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College Park, Maryland      June 6 - 10 , 2004

MP50: Role of solvent in protein preservation

G. H. Caliskan (The University of Akron, Polymer Science Department), M. T. Cicerone (NIST Polymer Division), M. Gangoda, R. B. Gregory (Kent State University, Department of Chemistry), A. Kisliuk (The University of Akron, Polymer Science Department), I. Peral (University of Maryland, College Park), J. H. Roh, A. P. Sokolov (The University of Akron, Polymer Science Department)

Protein dynamics span over a broad time range from picoseconds, where vibrations take place, up to years, the target of pharmaceutical industry for biopreservation. Understanding the dynamics is vital in controlling the activity of biological macromolecules, and improving the designs for biopreservation formulations. High TG sugars are usual choice for biopreservation at ambient temperatures. However, glycerol (TG ~ 190 K) is the most effective solvent for long-term (years) cryo-preservation. The reason for this difference in effectiveness of the solvents remains unclear.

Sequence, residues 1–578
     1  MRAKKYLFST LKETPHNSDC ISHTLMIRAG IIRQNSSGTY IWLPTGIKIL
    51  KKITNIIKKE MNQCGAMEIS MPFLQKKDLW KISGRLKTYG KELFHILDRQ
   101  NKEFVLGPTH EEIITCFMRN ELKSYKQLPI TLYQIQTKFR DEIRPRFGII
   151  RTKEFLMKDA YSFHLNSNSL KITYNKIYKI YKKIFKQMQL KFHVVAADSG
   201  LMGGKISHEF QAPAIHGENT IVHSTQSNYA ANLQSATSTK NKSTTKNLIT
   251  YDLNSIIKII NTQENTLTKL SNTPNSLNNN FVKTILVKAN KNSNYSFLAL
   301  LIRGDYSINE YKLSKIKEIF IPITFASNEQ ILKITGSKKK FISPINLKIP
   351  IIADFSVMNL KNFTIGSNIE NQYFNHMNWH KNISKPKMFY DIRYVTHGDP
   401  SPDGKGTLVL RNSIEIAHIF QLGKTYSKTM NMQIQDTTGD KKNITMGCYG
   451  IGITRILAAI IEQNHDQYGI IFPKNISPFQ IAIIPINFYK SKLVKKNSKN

We measured dynamics of hen egg white lysozyme in various solvent conditions, (glycerol, water, trehalose and dry state) in a broad temperature (150 K to 320 K) range. Time-of-Flight Spectrometer at the National Institute of Standards and Technology Center for Neutron Research offered a broad range of energy from ~ 40 μeV up to ~ 65 meV where the fast relaxation (local conformational fluctuations) and slow vibrations of proteins become accessible. Our results show that the fast relaxation depends strongly on the solvent. It is strongly suppressed in liquid glycerol compared to solid trehalose (TG ~390 K) at low temperatures. At high temperatures (> 270 K), it becomes enhanced in glycerol and in water environments, as opposed to that in trehalose and in dry conditions. This observation quantitatively agrees with bioactivity measurements on Myoglobin in glycerol and trehalose at different temperatures. The results suggest that the viscosity of the solvent is not the only parameter affecting the protein dynamics. Fast picosecond relaxations should also be taken into consideration. We propose a mechanism that might explain extreme biopreservation efficiency of glycerol at low temperatures. Possible implications for development of better formulations are discussed.

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